Today’s Tidbits: November 15, 2017

Today’s Tidbits: November 15, 2017

Here are our tidbits for November 15, 2017:  another JPSS-1 launch delay; an amazing visualization of aerosols spread around the globe by this year’s hurricanes; two 2017 Pecora Award winners; House SS&T committee approves STEM bills.  Be sure to check our website for feature stories and follow us on Twitter (@SpcPlcyOnline) for more news and live tweeting of events.

Another JPSS-1 Launch Delay

Artist’s illustration of JPSS-1 satellite. Credit: NASA

The United Launch Alliance (ULA) tried again this morning to launch NOAA’s new JPSS-1 polar orbiting weather satellite, but it was scrubbed due to high winds in the upper atmosphere.  ULA said the range was red (red as in STOP) as well, meaning something was wrong at the launch site or along the rocket’s path, which must be evacuated at the time of launch lest a piece of debris fall and injure someone.  The announcement did not specify if a boat or a plane or what was in the way or if there was an equipment failure with systems operated by range control officers.

An airplane entering restricted airspace at NASA’s Wallops Flight Facility one minute before launch delayed Saturday’s launch of Orbital ATK’s OA-8 cargo mission to the International Space Station, but it launched successfully the next day.

A new date for the JPSS-1 launch has not been announced.  The first try, on Tuesday morning, was scrubbed due to a red range and a technical problem with the Delta II rocket.

AMAZING Visualization of  Aerosols Spread Around the World By This Year’s Hurricanes

Whenever it does launch, JPSS-1 will join NOAA’s fleet of polar-orbiting and geostationary weather satellites that, along with NASA Earth sensing satellites, collect global data about various aspects of Earth’s environment, including aerosols.

Today, NASA’s Goddard Space Flight Center, which manages many of those satellite programs, released an amazing visualization of how sea salt particles, smoke from the fires in the U.S. Pacific Northwest and dust from the Sahara Desert were blown around the world and interacted with each other from August 1 to November 1 2017 when several major hurricanes took place.  More information about what the data show are on NASA Goddard’s website [].  The Washington Post’s Capital Weather Gang tweeted the visualization. Click the link in the tweet to go to the HD version, which also has narration:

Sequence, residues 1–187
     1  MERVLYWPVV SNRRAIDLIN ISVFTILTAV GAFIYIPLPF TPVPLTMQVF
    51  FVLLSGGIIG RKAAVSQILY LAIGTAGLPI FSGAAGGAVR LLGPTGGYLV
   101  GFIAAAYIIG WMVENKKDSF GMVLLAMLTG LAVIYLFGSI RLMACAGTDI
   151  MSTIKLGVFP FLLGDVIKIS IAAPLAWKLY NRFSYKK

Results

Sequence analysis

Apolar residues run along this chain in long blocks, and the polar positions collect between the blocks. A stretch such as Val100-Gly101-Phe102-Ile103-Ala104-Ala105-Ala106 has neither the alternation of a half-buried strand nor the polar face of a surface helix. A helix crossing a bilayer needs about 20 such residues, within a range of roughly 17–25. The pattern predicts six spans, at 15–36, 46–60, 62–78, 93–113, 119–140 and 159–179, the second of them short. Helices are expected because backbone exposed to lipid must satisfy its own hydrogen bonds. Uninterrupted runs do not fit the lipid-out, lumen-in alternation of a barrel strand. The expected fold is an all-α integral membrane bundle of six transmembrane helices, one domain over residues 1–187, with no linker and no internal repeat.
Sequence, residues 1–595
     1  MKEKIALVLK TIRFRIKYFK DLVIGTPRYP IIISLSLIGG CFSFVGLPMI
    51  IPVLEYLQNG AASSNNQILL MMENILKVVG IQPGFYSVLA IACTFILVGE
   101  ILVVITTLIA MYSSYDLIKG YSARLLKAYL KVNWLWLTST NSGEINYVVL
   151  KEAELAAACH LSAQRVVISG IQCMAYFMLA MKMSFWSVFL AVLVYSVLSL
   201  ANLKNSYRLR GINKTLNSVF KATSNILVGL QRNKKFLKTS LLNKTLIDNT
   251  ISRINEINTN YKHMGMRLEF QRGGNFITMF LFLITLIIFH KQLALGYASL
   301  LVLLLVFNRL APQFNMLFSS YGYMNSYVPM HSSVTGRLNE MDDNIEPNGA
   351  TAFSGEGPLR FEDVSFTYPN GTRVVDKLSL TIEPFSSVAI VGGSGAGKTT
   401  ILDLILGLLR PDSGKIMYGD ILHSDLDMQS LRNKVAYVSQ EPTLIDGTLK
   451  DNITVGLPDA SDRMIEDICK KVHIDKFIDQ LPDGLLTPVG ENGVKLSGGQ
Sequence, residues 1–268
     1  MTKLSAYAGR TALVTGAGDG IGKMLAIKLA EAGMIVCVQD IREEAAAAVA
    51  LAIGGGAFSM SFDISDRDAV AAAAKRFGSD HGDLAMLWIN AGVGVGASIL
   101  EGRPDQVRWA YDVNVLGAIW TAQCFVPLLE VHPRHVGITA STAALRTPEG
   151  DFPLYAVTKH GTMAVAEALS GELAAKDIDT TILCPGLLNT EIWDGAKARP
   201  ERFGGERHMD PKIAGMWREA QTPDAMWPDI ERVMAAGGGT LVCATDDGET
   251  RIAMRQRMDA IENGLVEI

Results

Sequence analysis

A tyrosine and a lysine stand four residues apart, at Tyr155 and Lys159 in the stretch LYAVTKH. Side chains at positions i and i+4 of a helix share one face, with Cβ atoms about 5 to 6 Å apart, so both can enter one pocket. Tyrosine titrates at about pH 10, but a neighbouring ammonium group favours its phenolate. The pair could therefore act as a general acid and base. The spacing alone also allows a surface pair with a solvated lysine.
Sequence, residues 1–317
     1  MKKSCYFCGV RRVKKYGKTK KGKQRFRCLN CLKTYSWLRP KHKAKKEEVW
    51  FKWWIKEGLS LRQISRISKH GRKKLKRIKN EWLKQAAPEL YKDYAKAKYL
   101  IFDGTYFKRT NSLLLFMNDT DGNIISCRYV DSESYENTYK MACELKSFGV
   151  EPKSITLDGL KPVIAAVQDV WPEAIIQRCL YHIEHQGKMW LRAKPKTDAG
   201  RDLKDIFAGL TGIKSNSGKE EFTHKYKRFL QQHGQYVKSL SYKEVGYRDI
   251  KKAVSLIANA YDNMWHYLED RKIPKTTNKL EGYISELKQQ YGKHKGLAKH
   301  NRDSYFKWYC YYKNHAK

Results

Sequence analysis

Two Win 2017 Pecora Award

William T. Pecora (1913-1972). Photo credit: USGS website.

And speaking of Earth science, the U.S. Geological Survey (USGS) and NASA announced the two winners of the 2017 Pecora Award today.  USGS, which is part of the Department of the Interior, operates the Landsat land remote sensing satellites.

The Pecora award is named after William T. Pecora, a former director of the USGS (1965-1971).  He was a “motivating force” behind the 1966 announcement by then-Secretary of the Interior Stewart Udall that initiated the USGS/NASA Earth Resources Observation Satellite (EROS) program.  EROS is now known as Landsat.  The first two satellites in the series, launched in the 1972 an 1974, were originally named EROS-1 and -2.

This year the award is presented to

  • Darrel L. Williams, who retired from NASA in 2010 after a 35-year career and now is chief scientist at Global Science and Technology, for his role in the Landsat-7 program; and
  • the International Charter on Space and Major Disasters, a group of 16 agencies, for providing free satellite imagery, data and information to the global community during times of crisis.

The Pecora award has been presented annually since 1974.  Learn more here:[]

House SS&T Committee Approves Four STEM Bills

The House Science, Space, and Technology Committee approved four bills today related to Science, Technology, Engineering and Math (STEM) education.  All four are aimed at the National Science Foundation (NSF), but one also would affect NASA.

The Women in Aerospace Education Act, H.R. 4254, sponsored by Rep. Steve Knight (R-CA), seeks to strengthen the aerospace workforce pipeline for women through an NSF teacher scholarship program and NASA internship and fellowship opportunities.

The other three bills are described in a committee press release: []

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